Kanna-sensei: Creating the storyboard. Creating the plot and the storyboard. Only. Everything afterwards is a struggle.
Editor Shika burst out laughing at Kanna-sensei’s rapid response. Whenever Editor Shika needs a storyboard, she simply says “Make sure you make the storyboard next!” Kanna-sensei described that the way Editor Shika asks for a storyboard is easy to handle. But…
Kanna-sensei: After that I have to draw and redraw over and over again until it becomes a readable story… it’s tough…
Editor Shika: All I do is say “good luck!”
“How long does it usually take for you to finish drawing one page? How do you allot time to drafting and inking?”
Kanna-sensei said with a half-defeated voice, “I don’t know… If I knew this I wouldn’t have to suffer so much before deadlines.”
Just like a student hours before their assignment is due, right before her deadlines, Kanna-sensei divides the remaining time by the number of remaining pages and calculates the number of minutes she can spend per page.
Editor Shika: You calculate, then end up pushing the deadline back by X number of days, usually.
Kanna-sensei: Why must you expose me like this.
This is Shun Hashimoto-sensei’s case when a deadline is approaching.
Kanna-sensei: This slide is full of malice.
Editor Shika: I don’t make such scary calls.
Kanna-sensei: Well yes, this is pure fiction. The editor looks exactly like Editor Shika, but she is nothing like this. It’s fiction. Please don’t get that mixed up. Let me repeat that 30 times.
Editor Shika: The chat section is saying, “I thought this was real!”
Kanna-sensei: Editor Shika is kind. She supports me and always cheers me on!
Editor Shika: The only thing true to life in these pages is the desk.
Kanna-sensei: When they let me draw the storyboard in the Editorial Department, I took a picture of Editor Shika’s desk so, oh yes, the desk is real.
…Well apparently there are some non-fiction parts too.
Next was a question picked up from the chat section.
“Do you have any assistants?”
What a surprise! Kanna-sensei has zero assistants!
Kanna-sensei: I’m not great or anything. A good mangaka should hire an assistant and divide up the labor in order to properly meet deadlines.
Even though Editor Shika’s wry smile did not appear on the screen after hearing this response, it was easy to imagine.
“Are you the type to decide the title in advance or at the end?”
Kanna-sensei thinks about the title throughout the creation process, then gives a final answer at the end when asked.
When deciding the titles for the L’étranger series and Qualia under the snow, Kanna-sensei made sure to include the letter の (no) because of an urban legend that certain works that include the character の become a hit. This was news to Editor Shika.
Kanna-sensei: So people say Princess Mo????ke has two の (no) so it was a huge hit.
Editor Shika: Oh! Wow!
She is not fixated on this urban legend for all of her works though, it was merely in the back of her mind.
Editor Shika expressed that Kanna-sensei was quite decisive and someone who straightforwardly says, “This is the title.”
“Please tell us about your character designs. How did Shun and Mio become Shun and Mio?”
Kanna-sensei answered that she is not too fussy about designing characters. When it was decided she would create a BL manga, she thought about two boys whose elements and personalities would not clash who were easy for her to draw, and that became Shun and Mio. Rather than creating a character on the basis of her favorite attributes, Kanna-sensei first focuses on what kind of characters are needed in the story.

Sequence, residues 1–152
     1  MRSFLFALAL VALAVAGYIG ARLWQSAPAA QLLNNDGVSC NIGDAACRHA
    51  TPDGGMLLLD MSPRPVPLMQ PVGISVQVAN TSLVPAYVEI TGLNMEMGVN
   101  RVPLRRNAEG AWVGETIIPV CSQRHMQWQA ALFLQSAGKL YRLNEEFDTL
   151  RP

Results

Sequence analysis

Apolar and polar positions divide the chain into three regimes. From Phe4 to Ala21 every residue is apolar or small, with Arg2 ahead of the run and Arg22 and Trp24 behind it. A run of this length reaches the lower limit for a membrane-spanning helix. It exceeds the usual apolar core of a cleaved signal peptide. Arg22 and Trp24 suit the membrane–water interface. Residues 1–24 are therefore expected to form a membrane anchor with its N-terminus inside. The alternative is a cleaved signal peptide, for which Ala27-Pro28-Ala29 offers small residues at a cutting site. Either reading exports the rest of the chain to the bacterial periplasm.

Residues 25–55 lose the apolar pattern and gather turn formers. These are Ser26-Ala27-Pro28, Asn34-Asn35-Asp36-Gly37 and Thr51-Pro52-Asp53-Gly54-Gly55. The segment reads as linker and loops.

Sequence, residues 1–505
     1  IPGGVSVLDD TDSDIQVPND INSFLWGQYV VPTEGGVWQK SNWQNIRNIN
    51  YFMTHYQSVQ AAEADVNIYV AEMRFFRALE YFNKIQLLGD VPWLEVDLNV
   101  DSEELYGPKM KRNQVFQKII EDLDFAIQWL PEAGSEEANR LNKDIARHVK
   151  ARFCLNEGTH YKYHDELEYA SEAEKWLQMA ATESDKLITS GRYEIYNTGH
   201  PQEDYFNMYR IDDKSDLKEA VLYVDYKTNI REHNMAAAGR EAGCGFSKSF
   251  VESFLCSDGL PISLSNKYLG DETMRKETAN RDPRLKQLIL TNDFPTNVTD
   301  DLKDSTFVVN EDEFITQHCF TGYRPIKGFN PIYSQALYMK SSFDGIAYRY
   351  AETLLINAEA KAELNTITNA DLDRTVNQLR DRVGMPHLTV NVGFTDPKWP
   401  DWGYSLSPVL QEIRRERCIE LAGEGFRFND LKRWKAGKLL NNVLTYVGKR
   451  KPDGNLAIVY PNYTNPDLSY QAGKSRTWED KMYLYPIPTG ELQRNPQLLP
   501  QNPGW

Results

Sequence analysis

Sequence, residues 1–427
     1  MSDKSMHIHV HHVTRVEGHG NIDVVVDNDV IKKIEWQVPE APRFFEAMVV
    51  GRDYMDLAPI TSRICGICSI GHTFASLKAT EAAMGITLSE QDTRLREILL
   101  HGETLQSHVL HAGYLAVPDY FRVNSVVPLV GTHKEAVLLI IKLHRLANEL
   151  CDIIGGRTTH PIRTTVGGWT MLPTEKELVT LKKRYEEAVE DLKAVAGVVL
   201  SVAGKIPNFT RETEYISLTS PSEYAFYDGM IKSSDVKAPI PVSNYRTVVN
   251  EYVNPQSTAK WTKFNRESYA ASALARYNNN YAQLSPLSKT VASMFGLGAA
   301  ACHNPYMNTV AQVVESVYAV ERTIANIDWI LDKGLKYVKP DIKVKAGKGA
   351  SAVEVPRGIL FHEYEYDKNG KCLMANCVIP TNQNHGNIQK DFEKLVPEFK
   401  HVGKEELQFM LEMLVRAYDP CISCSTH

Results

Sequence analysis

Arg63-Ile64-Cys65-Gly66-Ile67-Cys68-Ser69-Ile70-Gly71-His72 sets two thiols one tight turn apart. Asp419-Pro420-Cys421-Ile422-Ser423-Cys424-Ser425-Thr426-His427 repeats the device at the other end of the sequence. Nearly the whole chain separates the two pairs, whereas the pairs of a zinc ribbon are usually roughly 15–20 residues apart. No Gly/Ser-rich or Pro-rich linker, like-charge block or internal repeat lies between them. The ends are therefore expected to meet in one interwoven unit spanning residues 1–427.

Editor Shika commented that Kanna-sensei’s process was very methodical.
About the Characters
“How did your characters get their names? How were they created?”
Kanna-sensei started with recounting Shun Hashimoto’s (橋本駿) name.
Surprisingly, Shun’s name was undecided until the very end. The original idea was to name him Shun Miyao (宮尾駿), but as it would only be one character difference from a certain famous director, Kanna-sensei looked for a common surname for Shun.
Mio Chibana (知花実央) was decided after first searching for a surname that originates from Okinawa. For his given name, Kanna-sensei wanted to give him something that was unisex.
Editor Shika: The chat section is saying “Thank you for being Shun’s Super Darling!”
Kanna-sensei: Mio is a Shun-exclusive Super Darling.
Editor Shika: Thank you for taking care of such a hassle of a man.
Kanna-sensei: Yes, Mio is a good guy.
Sakurako’s (桜子) name was inspired from a friend when Kanna-sensei was a student, who had only sisters whose names all included a flower and ended with the character “ko” (子), like you would see at an all-girls’ school. The surname “Shimizu” was given to Sakurako in preparation for a collaboration cafe event where one of the goodies was an autographed Polaroid picture with her full name.
Fumi Hashimoto (橋本文) is derived from Kanna-sensei’s own brother whose name begins with “Fumi” albeit a different character. She made sure to emphasize that Fumi is not based on her brother whatsoever but recounted a time when her father read her manga and thought she named him after her brother.
The conversation shifted to how Kanna-sensei’s father reads her works, and how he is the one who checks her homepage the most! Editor Shika was ECSTATIC to hear this.
Editor Shika: It’s very rare to hear stories about the Kii Family so I got worked up.
Kanna-sensei explained that Fumi appeared because she thought it necessary for Sakurako to properly establish and convey a sincere connection with others as a female character in BL. When she first started drawing, she did not plan to draw a character like Fumi. Kanna-sensei mentioned that Fumi did not appear because she wanted to draw a young boy character.